The Right Way to Pick an Apple—and 8 Other Things to Know Before You Go Apple Picking
Leaves are starting to turn, the air is getting crisper, and it's finally apple picking season. We spoke to experts to get the best intel on how to upgrade your apple picking experience.
Wear the right shoes
What do shoes have to do with apple picking, you’re wondering? First, you want to make sure you protect your footwear properly for the damp fall conditions. And, according to Peter Hull of Apple Dave’s Orchards, “Apple trees are out in a field with tall, six inch grass. Warm, dry shoes make for happy picking!” He adds that dressing in layers is a good idea, too, because a day that starts out chilly may end up sunny and warm.
Keep your skin covered
Wearing shorts to an apple orchard probably isn’t the best idea unless you’re interested in battling mosquito or potentially tick bites—and there are more and more tick-borne diseases out there—after apple collecting. All that tall grass is a safe haven for bugs, especially in New York and New England, two of the most popular apple picking regions.
It turns out the right way to pick an apple is to the left. As confusing as all that sounds, Peter says it’s to protect and preserve the tree’s health, so you can keep coming back for apples year after year. “Twist to the left, never pull off branches and leaves.” A good counter-clockwise twisting motion will help give your apple stems the cleanest break.
Sure, the orchard you’re going to may give you fun buckets, baskets, and other gear for your time picking apples, but after apple collections are done there is a good chance they’ll either be loaded up in cardboard boxes, plastic grocery bags, or other less sturdy carrying options. Not every orchard will allow you to use your own tote bag while you’re out picking, but at least having one after you pay and load up the car will help simplify getting your precious cargo from the trunk to your kitchen safely. What fun is making the best apple pie recipe or other easy apple desserts if all your apples are smushed?
“Apples stored in a cool, dry place can last for months,” explains Peter. That means you’ll be loaded with heart-healthy, fiber-rich fruit—and fiber is the secret to quick and easy calorie cutting—till the New Year if you play your cards right.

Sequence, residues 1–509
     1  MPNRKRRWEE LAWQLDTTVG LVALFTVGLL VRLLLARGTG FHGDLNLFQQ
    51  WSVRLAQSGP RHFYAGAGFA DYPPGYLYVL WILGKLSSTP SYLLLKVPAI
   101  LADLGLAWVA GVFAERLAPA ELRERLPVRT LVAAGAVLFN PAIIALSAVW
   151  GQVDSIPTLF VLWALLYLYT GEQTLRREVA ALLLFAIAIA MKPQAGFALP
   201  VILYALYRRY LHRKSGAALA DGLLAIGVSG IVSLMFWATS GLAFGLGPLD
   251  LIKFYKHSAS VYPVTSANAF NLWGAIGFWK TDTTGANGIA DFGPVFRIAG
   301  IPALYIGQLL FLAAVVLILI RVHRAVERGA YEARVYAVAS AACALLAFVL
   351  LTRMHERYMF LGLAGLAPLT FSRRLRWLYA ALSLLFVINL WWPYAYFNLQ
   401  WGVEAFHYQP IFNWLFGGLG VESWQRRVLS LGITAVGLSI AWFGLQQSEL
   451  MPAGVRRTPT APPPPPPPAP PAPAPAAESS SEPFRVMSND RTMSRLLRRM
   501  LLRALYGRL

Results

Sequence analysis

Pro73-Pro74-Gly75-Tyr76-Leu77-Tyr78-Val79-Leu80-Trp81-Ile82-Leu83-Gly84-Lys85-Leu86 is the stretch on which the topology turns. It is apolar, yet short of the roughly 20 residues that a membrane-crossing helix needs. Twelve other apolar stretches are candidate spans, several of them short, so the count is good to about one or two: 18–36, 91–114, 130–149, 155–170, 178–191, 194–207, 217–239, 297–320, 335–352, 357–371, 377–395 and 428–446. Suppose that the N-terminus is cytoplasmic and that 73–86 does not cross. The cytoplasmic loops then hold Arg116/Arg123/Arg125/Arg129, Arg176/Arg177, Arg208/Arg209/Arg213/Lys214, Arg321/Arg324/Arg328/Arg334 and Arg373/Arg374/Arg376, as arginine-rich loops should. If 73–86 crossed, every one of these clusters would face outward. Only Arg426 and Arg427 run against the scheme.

Different apples are good for different uses, people, and even age groups. Peter suggests Gala apples for apple-picking families with young children because, “Galas are a small sweet apple for great chomping by little teeth.” If you’re a little more mature and like a tart apple flavor, you might want to head to a Granny Smith or Braeburn orchard. Applesauce lovers—it’s a great way to lighten up all kinds of recipes—will go wild for Cortland apples, and apple pie recipe addicts should head straight for a field of Fuji apple trees thanks to their ability to stand up to heat in ovens and stove tops.
Just because you’re a Red Delicious fan doesn’t mean that’s what grows best in your region. There’s good news, though—apples grow in almost every corner of America. In fact, any region that reaches a “chill zone” of 32 to 45 degrees Fahrenheit is good for apple growing, but other factors like soil can impact which types grow best in your region. Washington State is known for having great Red Delicious, Honeycrisp, and Fuji apples, while the areas north of New York City are celebrated for their production of Empire (like the state!), Cortland (like the city!), and Ginger Golds. Even southern states like Virginia are known for more than a few local apples.
Even if you’re not the biggest consumer of apples, hand-picked apples are a fun and expensive gift to surprise your friends and family with. There’s something extra special about telling someone you personally collected each and every apple they’re receiving, or eating in a delicious apple recipe. Plus, they store well, so there’s really nothing to lose except some refrigerator space. It’s almost that time: Here’s are five great ideas for homemade Christmas gifts!
Even if you get a little hungry while you’re picking, experts suggest resisting your urge to snack on your goodies unless you have the ability to wash your fruit first. Apples are a thin-skinned fruit that often require extra layers of pesticides and other chemicals designed to protect them from pesky bugs, birds, and even snack-loving deer. Here’s a quick guide to the foods with the most pesticides.